WHY A HEALTH BLOG?
January 17, 2015
Babies love to “talk” and parents love to talk back. Long before babies can speak clearly, they understand the general meaning of what you're saying. They also absorb emotional tone. It’s easy to encourage your baby's communication skills. All you need do is smile, talk, sing, and read to your baby. (more…)
January 17, 2015
Is my child developing normally? Many of us ask that question point during our child’s early years. Waving bye-bye, crawling, walking – these are all important milestones in a child’s development. Children develop at their own pace so it's impossible to tell exactly when a child will learn a given skill.
December 11, 2014
Most parents want to do what’s best for their children. In many cases, that includes giving them a vitamin and mineral combination to ensure good nutrition. Nearly half of American three-year-olds take multivitamins.
Do children even need multivitamin and mineral (MVM) supplements? Are MVMs helpful? Useless? Possibly harmful? With so many children taking (more…)
October 9, 2014
All parents want to do what’s best for their children, and that includes selecting the correct child car seat. Even though motor vehicle accident deaths have declined in recent years, 148,000 children between birth and thirteen years old were injured in car accidents in 2011. Another 650 died. Using the correct child car seat in the (more…)
June 24, 2014
A Note from the Nurse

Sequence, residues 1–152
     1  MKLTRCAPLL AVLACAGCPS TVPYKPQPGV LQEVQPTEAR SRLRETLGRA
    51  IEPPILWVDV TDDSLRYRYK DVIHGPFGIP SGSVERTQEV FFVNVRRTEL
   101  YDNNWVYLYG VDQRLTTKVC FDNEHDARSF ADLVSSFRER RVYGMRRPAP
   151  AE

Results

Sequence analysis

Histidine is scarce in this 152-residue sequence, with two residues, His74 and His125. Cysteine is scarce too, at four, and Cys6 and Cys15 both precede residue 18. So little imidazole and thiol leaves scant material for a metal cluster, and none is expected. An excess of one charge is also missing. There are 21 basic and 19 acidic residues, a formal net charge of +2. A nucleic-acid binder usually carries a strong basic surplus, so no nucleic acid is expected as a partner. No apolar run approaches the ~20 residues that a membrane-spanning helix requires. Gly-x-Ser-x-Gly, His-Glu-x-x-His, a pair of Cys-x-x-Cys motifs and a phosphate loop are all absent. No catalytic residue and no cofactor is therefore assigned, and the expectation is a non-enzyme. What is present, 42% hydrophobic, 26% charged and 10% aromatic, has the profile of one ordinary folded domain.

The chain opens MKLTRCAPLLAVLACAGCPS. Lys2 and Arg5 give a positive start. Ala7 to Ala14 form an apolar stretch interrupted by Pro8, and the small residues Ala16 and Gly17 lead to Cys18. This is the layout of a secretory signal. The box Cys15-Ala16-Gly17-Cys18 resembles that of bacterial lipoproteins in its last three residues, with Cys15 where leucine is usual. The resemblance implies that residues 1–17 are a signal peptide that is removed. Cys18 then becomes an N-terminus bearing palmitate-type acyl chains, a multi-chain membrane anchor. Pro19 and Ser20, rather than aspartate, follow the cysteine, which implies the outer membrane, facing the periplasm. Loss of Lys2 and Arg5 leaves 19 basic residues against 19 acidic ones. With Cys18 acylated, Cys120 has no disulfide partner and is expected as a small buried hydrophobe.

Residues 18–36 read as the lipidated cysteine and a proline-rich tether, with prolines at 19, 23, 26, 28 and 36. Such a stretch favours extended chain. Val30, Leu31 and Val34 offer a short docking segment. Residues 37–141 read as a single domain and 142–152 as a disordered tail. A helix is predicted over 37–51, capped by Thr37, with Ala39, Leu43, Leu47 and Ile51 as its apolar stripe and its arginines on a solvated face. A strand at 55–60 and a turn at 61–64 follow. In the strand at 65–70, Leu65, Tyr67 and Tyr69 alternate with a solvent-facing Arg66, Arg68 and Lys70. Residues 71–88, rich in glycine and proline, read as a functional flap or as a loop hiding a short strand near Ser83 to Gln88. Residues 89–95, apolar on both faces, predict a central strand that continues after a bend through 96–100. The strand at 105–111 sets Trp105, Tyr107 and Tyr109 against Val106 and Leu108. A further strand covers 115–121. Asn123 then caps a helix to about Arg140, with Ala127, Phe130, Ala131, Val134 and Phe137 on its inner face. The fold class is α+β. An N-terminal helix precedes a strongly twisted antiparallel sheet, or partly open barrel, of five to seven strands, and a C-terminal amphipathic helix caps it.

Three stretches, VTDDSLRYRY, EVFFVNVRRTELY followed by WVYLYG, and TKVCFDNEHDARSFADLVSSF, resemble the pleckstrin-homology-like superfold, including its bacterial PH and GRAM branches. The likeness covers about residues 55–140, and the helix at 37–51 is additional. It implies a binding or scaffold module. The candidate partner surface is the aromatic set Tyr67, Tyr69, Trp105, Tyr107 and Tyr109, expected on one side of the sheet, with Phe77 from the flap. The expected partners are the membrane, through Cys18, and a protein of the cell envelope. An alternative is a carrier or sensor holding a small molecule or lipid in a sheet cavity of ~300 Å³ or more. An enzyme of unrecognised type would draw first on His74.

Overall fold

Sports Drinks and Energy Drinks Are Not for Children
By Connie Goldsmith, RN, BSN, MPA
Your eight-year old daughter just finished soccer practice and she’s hot and sweaty. Your ten-year-old son scored a home run and he’s as hot and sweaty as your daughter is. They come to you for something to drink and you hand them each a nice, cold sports drink. After all, they need to rehydrate and to replenish electrolytes lost in exercise. That’s a good thing, right?
Not according to the American Academy of Pediatrics (AAP). Sports drinks, which contain water, carbohydrates, minerals, electrolytes, and flavoring, are generally unnecessary for children. In the face of today’s burgeoning childhood obesity, most children don’t need the extra calories that sports drinks contain. Additionally, they may promote tooth decay. Sports drinks are inappropriate for meals and in the school lunchroom as well. Instead, provide water after sporting activities – about four to six ounces for every fifteen to twenty minutes of exercise. Offer water, low-fat milk or 100% juice with meals. Save the sports drinks for teen athletes engaged in prolonged, vigorous physical activities.
And how about those popular caffeine-filled energy drinks? The AAP recently released a report about the danger that high energy drinks pose to children and teens. These drinks are the fastest growing segment of the U.S. beverage industry, topping $9 billion each year in sales. Between 30% and 50% of young people say they drink energy drinks, and marketing is often directed at this population.
So what’s wrong with a little caffeine pick-me-up? A standard eight ounce cup of coffee contains between 100 and 200 milligrams of caffeine, with colas and soft drinks having about half that amount. Energy drinks typically contain a large amount of caffeine. The energy drink NOS has about 260 mg of caffeine while a drink called 5150 Juice has 500 mg. Monster Energy has 160 mg of caffeine in a can, and Red Bull has 76 mg. The Food and Drug Administration requires beverage makers to put the caffeine content on labels, and manufacturers are compliant.